- A deep depression that has formed over the Arabian Sea is expected to turn into a tropical cyclone Nilofar. Nilofar has the potential to strengthen to the equivalent of a Category 1 hurricane before its Arabian Peninsula landfall.
- In India, the North Gujarat coast is expected to bear the brunt of Nilofar. It is expected to land in Gujarat on October 31 with a wind speed of over 120 kmph
- District authorities in the coastal areas of Gujarat have been warned to be prepared for heavy rains and storm. The authorities are also monitoring the situation and the control rooms are operational. The authorities of the Kandla Port Trust, State Maritime Board and the Forest Department, besides local leaders in villages have been put on high alert.
- According to the Indian Meteorological Department (IMD), the coastal districts of Gujarat will isolated very heavy rainfall from October 30 which will intensify further into a severe cyclone storm within 24 hours
- Alerts will be issued to concerned local authorities on status of the storm every three hours
- Other than India, Nilofar is also expected to hit eastern Yemen or Oman with damaging winds, flooding rain and dangerously rough seas. It is also expected to bring potentially heavy rainfall to parts of Pakistan, especially Karachi.
- It is to be noted that tropical cyclones are unusual in this part of the world. Generally, only one or two tropical cyclones form every year in Arabian Sea.
About Naming of cyclones
In the West, hurricanes and tropical cyclones have been given their own names since 1953. This was done in accordance with a convention by Miami’s National Hurricane Centre and is maintained and updated by the World Meteorological Organization (WMO). WMO is an agenct of the UN and based out of Geneva.
However, South Asia and the Middle East did not adhere to this practice of naming storms till much later. In an effort to name the cyclones without offending any of the countries in the region, all the countries came together in 2004 to evolve a mechanism to name the tropical cyclones. According to the agreed upon system, India, Pakistan, Bangladesh, Maldives, Myanmar, Oman, Sri Lanka and Thailand meet every year and each country submits its list of names. Each country gets a turn to name the storm in alphabetical order. Till now, the countries have decided on 64 names. Hudhud was a suggestion of Oman, while Nilofar was Pakistan’s suggestion.
Future Earth Engagement Committee
The Committee is a global research platform panel on sustainable development. The strategic advisory group was instituted by an alliance of organisations including the UNEP (UN Environment Programme), UNESCO and the World Meteorological Organisation (WMO). However, the Committee is the flagship initiative of the Science and Technology Alliance for Global Sustainability.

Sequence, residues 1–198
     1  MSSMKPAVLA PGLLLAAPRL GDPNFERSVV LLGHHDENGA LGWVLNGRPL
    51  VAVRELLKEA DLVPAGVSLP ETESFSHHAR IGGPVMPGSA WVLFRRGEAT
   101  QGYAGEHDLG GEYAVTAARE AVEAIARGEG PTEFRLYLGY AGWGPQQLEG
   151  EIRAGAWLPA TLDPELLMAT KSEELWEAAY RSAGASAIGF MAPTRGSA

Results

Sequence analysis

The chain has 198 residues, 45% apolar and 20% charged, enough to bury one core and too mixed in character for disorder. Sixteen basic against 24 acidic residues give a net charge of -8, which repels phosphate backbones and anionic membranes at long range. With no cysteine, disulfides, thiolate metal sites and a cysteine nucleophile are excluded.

The committee will provide knowledge and support to hasten the introduction of sustainable technologies. The committee will consist of leaders from stakeholder groups, including business, policy and civil society and will be representative of various societal partners, who can help bring about change.
The Committee will comprise of 18 members and will be fully constituted by the end of 2014.
Earlier roles in international fora
Jairam Ramesh was also a member of the UN Secretary General’s High-Level Global Sustainability Panel between 2011 and 2012. He also played a key role in the UN Climate Change Conferences at Copenhagen in 2009 and Cancun in 2010.
The Centre is planning to create a SPV (Special Purpose Vehicle) to implement the Ken-Betwa River Linking Project. Interlinking the rivers of India has been one of the major initiative of the NDA government at the Centre.
Ken-Betwa River Linking Project
The Ken-Betwa link is one of the 16 river linking proposals under the Peninsular Component of the National Perspective Plan (NPP) for water resources development. It envisages diversion of surplus water from the Ken basin to the water-deficit Betwa basin. The project will have a dam on Ken river along with a 221 km link canal. The project was conceived in two phases, with the first phase benefitting both states, and the second phase confined to Madhya Pradesh. There are plans to implement both phases at the same time.
The project is expected to facilitate annual irrigation for 6.35 lakh hectares and supply drinking water to 13.42 lakh people. Also, a 78MW hydropower plant is expected to become operational after the two rivers are linked.
The project will involve the two neighbouring states of Madhya Pradesh and Uttar Pradesh, both of which have in principle given their consent for creation of the SPV. Also the Ministry of Environment and Forests has given its approval for conducting the EIA (Environmental Impact Assessment) Study for the project.